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An End to Suffering: the Buddha in the world

Reviewed by Edward Skidelsky, The New Statesman, Nov 10, 2004

An End to Suffering: the Buddha in the world
Pankaj Mishra Picador, 422pp, 17.99
ISBN 0374148368

London, UK -- On receiving this book, I casually assigned it to the shadowy category of "oriental wisdom", a category familiar to me from the likes of Idries Shah and Bhagwan Shree Rajneesh. I later regretted this lazy presumption. An End to Suffering is entirely free from the cliches of eastern spirituality.

It is a disengaged, highly intelligent account of a young writer's growing interest in Buddhism, interspersed with many fascinating observations about modern India and the west. These observations in fact constitute the book's main subject, the theme of Buddhism being little more than a string on which to thread them.

Pankaj Mishra grew up in a high-caste but poor Hindu family in the 1970s and 1980s. He quickly freed himself from his parents' traditional piety, finding an alternative source of inspiration in the great European novelists and philosophers. Hindu scriptures he dismissed as belonging to India's "long, sterile and largely unrecorded past". The west - that of Gustave Flaubert, S0ren Kierkegaard and, above all, Friedrich Nietzsche - absorbed his youthful dreams.

Yet Mishra is unable to find anything in the "cruel, garish world of middle-class India" that corresponds to the idealised west of his imagination. When finally he travels to London, his disappointment is only heightened. His alienated descriptions of contemporary England - a land "overlaid with broad concrete strips on which cars glide with toy-like precision" - are among the best things in the book. Here is a society "so prodigiously organised for expansion and consumption" that it can absorb "even the few individuals who once stood opposed to it". The life of a young London woman, with its desultory romances, leaves him dismayed. If this is the promised end of history, then history is a process without meaning.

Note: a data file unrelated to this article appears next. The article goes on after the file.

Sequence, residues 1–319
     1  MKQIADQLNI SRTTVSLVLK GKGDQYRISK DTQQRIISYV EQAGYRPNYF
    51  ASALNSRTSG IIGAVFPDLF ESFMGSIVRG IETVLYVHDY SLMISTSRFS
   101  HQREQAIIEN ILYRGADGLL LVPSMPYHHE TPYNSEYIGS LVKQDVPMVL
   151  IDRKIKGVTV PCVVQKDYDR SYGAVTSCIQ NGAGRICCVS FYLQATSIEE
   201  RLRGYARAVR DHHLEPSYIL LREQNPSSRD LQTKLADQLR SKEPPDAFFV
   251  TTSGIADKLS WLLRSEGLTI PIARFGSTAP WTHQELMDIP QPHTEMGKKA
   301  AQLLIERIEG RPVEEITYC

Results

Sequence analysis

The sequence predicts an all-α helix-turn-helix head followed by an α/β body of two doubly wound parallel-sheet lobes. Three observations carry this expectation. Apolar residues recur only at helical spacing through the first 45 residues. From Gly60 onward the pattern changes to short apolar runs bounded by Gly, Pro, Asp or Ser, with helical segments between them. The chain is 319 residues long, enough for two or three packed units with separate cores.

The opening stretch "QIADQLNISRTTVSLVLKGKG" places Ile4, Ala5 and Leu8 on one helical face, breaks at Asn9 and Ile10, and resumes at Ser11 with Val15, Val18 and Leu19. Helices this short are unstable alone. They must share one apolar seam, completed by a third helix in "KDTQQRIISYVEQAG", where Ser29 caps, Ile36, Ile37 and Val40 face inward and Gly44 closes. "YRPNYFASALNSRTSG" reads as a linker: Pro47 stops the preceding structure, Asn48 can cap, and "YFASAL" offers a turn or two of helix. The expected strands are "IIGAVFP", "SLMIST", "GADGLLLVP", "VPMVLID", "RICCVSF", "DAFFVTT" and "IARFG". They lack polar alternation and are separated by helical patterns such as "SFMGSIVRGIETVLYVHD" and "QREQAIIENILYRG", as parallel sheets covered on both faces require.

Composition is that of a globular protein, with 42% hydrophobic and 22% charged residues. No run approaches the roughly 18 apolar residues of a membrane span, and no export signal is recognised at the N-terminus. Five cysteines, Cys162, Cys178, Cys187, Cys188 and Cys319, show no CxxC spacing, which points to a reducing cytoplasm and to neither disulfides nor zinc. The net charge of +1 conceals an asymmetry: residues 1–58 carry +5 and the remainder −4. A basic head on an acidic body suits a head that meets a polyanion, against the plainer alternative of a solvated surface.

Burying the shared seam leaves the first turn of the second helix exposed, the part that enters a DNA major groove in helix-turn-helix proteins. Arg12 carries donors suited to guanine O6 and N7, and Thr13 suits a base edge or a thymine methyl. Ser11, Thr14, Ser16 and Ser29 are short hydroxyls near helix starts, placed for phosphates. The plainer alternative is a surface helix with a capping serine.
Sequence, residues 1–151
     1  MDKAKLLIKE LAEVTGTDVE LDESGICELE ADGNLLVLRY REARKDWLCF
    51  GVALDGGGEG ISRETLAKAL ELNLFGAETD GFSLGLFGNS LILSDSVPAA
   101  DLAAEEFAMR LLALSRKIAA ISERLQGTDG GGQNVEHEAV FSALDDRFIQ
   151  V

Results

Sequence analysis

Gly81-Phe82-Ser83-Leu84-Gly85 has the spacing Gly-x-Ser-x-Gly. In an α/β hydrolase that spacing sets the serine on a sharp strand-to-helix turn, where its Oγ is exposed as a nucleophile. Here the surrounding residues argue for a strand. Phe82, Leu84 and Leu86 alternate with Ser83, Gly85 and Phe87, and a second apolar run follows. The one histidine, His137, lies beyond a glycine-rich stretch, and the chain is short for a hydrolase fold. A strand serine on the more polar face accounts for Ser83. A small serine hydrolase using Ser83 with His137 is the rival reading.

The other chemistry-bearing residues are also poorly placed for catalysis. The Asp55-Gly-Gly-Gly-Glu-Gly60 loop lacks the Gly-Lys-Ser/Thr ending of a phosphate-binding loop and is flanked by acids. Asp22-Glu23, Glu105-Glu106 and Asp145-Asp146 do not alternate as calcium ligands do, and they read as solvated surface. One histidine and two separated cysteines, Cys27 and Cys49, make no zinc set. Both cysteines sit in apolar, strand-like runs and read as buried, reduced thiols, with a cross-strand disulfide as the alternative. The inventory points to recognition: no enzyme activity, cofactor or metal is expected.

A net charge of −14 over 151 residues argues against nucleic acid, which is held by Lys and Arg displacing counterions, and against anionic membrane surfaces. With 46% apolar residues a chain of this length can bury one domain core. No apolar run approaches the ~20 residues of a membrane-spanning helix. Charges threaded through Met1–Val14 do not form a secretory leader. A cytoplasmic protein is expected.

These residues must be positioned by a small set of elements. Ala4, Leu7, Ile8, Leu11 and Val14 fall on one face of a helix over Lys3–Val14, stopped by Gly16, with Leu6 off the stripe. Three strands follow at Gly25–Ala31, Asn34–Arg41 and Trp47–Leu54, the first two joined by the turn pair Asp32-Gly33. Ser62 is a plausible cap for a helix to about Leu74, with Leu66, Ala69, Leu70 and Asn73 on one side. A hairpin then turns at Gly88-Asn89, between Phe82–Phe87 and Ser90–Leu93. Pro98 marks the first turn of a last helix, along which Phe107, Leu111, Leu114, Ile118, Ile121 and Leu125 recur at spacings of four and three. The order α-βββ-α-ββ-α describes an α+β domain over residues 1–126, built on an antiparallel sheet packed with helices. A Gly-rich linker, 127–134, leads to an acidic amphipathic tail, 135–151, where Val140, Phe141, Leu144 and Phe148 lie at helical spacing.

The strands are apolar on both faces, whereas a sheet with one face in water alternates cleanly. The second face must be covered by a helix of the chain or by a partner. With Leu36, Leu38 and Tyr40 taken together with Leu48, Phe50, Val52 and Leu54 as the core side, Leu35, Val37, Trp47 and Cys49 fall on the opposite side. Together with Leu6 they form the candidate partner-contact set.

Mishra's alienation is twofold. He is an outcast from the traditions of his own society, yet unable to embrace the rhetoric of progress that once inspired men such as Vivekananda and Jawaharlal Nehru. Buddhism alone speaks to his predicament. It is, on the one hand, a resolutely "post-traditional" religion, finding no meaning in the rituals and dogmas of Hinduism or any other historical faith. Yet at the same time it counsels against grandiose schemes of political redemption, and against the endless multiplication of desire that constitutes modern capitalism. It is thus ideally suited to those who find themselves stranded, like Mishra, between past and future, between tradition and modernity. The impulse drawing Mishra to Buddhism is at root identical to that of Arthur Schopenhauer and many other Europeans and Americans following him. It is disenchantment with History, the Moloch of the modern world. Although initially suspicious of the fakeness of so much western Buddhism, Mishra eventually comes to view it with sympathy and respect. It is one of the many ironies of this book that Buddhism should return to India through the mediation of Schopenhauer, Nietzsche and Kerouac.